SUNNYSIDE — Have you faced a three-hour commute because of ice on the third rail? Were you late to work thanks to signal problems? Now's your chance to rag on the 7 train, which has been fraught with problems and outages this winter.
Councilman Jimmy Van Bramer is asking straphangers to share horror stories about the Flushing line at a rally he's planned for 8 a.m. on Wednesday.
DNAinfo would also like to hear about your experiences with the 7 train. You can tweet your stories by using the hashtags #7TrainNightmares and #MTAHearUsNow, or air your frustrations in the comments below.
After receiving a barrage of complaints from constituents about the 7 train — including issues like overcrowded cars, chronic signal problems and ongoing weekend outages — Van Bramer says he's had enough, and is pushing the MTA to improve service.
"MTA service along the 7 line is a disaster," Van Bramer said in a statement. "Day after day constituents contact me via social media about their horror stories of trains breaking down and/or bypassing their stations, signals constantly malfunctioning and dangerously overcrowded platforms."
Riders relying on the 7 have had a rough go this winter. In February, ice on the third rail shut down service on the entire length of the line for hours, while switch and signal problems have led to delays and suspensions on other days.
Most recently, on March 5, service was suspended for 90 minutes between Hunters Point and Times Square during the morning rush because of a smoke condition.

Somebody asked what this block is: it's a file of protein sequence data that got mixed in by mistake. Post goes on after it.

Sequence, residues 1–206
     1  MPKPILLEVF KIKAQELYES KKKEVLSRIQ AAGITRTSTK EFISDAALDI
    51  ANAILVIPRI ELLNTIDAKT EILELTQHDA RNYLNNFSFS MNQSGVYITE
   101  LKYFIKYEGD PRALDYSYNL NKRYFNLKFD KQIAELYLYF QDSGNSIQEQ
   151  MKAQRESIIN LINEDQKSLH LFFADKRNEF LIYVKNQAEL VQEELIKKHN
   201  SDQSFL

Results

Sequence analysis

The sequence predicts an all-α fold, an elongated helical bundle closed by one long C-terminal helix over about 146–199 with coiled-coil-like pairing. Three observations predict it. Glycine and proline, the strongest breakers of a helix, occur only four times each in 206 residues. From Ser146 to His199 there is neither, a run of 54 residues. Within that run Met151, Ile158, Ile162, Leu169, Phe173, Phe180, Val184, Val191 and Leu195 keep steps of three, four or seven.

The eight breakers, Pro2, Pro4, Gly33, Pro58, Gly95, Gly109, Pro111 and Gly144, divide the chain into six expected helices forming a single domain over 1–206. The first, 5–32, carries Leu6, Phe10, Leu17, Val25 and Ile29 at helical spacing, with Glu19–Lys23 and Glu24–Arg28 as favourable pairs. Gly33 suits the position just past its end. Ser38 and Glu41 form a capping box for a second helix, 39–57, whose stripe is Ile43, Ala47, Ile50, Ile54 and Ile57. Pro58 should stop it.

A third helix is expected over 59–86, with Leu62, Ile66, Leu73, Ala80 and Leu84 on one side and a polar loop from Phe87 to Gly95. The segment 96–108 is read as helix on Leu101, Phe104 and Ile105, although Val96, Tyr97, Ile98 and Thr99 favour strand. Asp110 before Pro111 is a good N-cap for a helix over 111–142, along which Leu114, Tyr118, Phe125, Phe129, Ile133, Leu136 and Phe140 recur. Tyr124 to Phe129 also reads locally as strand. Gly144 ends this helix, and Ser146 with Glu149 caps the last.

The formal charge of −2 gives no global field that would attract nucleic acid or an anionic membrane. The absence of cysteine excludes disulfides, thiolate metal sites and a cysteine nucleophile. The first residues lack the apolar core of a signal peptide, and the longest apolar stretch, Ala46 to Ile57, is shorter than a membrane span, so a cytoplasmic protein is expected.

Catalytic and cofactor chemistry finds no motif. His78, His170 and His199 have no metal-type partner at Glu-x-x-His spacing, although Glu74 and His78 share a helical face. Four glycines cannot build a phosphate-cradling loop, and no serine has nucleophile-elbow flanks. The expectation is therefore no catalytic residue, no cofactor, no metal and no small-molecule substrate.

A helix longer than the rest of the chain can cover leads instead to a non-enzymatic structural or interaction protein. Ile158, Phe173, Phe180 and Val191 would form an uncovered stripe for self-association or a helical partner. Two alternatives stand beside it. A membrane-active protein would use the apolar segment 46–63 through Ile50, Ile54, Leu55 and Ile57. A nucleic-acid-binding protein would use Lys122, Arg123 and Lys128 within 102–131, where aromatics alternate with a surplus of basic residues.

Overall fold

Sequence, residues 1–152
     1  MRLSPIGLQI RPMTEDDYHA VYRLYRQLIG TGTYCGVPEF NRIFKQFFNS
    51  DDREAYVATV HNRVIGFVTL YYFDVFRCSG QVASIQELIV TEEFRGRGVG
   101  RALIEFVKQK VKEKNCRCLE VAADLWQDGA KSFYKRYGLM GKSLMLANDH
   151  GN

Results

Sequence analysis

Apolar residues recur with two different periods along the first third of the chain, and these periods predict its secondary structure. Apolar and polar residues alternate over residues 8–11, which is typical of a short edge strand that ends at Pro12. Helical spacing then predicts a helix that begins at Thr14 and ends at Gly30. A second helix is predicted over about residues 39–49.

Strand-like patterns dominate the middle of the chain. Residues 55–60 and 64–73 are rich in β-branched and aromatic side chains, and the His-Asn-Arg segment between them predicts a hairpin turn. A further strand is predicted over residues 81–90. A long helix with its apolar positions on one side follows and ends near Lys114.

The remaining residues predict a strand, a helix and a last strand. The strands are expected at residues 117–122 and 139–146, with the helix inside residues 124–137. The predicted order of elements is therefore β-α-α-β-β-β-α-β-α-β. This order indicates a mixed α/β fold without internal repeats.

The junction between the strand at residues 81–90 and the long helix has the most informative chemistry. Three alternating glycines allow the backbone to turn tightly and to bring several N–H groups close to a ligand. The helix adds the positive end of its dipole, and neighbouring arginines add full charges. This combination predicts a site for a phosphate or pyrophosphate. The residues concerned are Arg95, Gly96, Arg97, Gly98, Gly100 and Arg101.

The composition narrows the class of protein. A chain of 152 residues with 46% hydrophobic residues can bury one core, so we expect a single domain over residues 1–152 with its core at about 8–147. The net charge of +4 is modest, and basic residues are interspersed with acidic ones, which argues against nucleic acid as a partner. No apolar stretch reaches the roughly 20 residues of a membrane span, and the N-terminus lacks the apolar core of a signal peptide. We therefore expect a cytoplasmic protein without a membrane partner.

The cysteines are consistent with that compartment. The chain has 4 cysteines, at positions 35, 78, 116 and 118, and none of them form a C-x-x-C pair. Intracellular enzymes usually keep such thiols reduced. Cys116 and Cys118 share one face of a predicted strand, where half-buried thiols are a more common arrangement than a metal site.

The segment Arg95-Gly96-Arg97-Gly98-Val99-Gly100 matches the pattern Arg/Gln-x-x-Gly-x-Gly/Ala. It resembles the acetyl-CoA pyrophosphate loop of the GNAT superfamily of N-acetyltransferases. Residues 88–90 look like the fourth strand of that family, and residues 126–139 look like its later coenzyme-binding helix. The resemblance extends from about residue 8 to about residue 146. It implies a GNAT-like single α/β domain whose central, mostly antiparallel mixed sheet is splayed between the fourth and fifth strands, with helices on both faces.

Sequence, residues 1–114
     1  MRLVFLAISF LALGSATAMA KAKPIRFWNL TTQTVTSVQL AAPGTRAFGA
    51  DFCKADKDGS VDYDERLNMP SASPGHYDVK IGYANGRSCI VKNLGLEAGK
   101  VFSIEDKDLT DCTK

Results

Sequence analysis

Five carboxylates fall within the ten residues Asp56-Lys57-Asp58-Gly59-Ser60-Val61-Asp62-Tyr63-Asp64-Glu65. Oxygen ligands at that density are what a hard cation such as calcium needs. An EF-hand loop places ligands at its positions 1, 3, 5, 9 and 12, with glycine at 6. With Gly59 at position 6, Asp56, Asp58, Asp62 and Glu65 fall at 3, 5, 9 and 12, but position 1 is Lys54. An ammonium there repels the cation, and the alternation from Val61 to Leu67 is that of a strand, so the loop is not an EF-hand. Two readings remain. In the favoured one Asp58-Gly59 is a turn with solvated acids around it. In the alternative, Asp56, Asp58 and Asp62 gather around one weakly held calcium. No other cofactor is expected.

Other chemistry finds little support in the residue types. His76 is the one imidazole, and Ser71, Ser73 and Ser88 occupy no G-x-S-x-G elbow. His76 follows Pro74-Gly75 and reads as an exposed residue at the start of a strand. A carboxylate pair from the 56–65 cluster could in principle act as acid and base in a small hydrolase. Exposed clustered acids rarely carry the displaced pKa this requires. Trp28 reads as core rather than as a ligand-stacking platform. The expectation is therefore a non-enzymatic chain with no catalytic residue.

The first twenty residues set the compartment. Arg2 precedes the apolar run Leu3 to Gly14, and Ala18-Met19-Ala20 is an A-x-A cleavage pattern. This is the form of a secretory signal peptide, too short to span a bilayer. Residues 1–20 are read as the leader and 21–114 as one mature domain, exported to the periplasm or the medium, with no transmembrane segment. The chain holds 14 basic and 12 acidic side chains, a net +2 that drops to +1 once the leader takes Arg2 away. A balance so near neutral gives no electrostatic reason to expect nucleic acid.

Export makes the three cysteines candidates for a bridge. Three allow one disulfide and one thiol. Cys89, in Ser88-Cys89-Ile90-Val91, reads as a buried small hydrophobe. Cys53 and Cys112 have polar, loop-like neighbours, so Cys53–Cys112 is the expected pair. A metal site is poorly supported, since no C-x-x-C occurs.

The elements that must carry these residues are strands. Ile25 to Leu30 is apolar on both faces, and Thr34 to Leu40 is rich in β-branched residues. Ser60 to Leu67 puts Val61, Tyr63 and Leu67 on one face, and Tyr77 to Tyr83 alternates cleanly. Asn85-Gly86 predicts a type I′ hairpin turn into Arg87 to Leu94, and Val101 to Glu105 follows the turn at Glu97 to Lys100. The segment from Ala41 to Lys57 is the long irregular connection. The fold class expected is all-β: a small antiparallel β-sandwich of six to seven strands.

Organizers of Sunnyside's annual St. Pat's for All parade were put out when service on much of the line was suspended the weekend of the event because of scheduled repair work.
Weekend shutdowns have been routine over the past couple of years in order to upgrade the signal system.
Complaints about the 7 train have been rampant on social media.
"The 7 Train is horrible! Fix the signal problems & finish the weekend disruptions already!" wrote Twitter user @RandyNigrelli on March 5.
MTA spokesman Kevin Ortiz said these issues are being addressed through the agency's capital improvement projects, which include the installation of countdown clocks at stations and adding more trains to the line.
The agency could not immediately say how many outages or delays there have been on the line.
The MTA is also spending $550 million to replace a decades-old signal system, a project that's expected to continue through 2017.
An additional $15 million will be put toward replacing thousands of feet of old track, and to make repairs on the 120-year-old Steinway Tube between Queens and Manhattan, Ortiz said.
"When completed, this work will result in a more reliable subway line with the ability to run more trains and improve performance for growing neighborhoods in northern Queens," Ortiz said.
But paying riders should not have to suffer because of these projects, Van Bramer said.
"People are paying for a service they are not getting and we have had enough," he said.
The rally will take place at 8 a.m. on Wednesday at the 40th Street 7 train station in Sunnyside.